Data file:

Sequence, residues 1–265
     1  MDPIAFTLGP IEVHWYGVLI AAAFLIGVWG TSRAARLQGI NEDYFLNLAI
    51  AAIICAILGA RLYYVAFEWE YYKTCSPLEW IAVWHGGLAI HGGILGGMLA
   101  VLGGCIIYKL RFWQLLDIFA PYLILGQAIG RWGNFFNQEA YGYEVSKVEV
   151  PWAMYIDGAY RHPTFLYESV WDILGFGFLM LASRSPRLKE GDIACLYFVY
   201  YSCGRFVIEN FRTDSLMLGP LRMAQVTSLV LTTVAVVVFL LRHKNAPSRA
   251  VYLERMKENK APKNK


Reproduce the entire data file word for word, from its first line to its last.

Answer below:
Sequence, residues 1–265
     1  MDPIAFTLGP IEVHWYGVLI AAAFLIGVWG TSRAARLQGI NEDYFLNLAI
    51  AAIICAILGA RLYYVAFEWE YYKTCSPLEW IAVWHGGLAI HGGILGGMLA
   101  VLGGCIIYKL RFWQLLDIFA PYLILGQAIG RWGNFFNQEA YGYEVSKVEV
   151  PWAMYIDGAY RHPTFLYESV WDILGFGFLM LASRSPRLKE GDIACLYFVY
   201  YSCGRFVIEN FRTDSLMLGP LRMAQVTSLV LTTVAVVVFL LRHKNAPSRA
   251  VYLERMKENK APKNK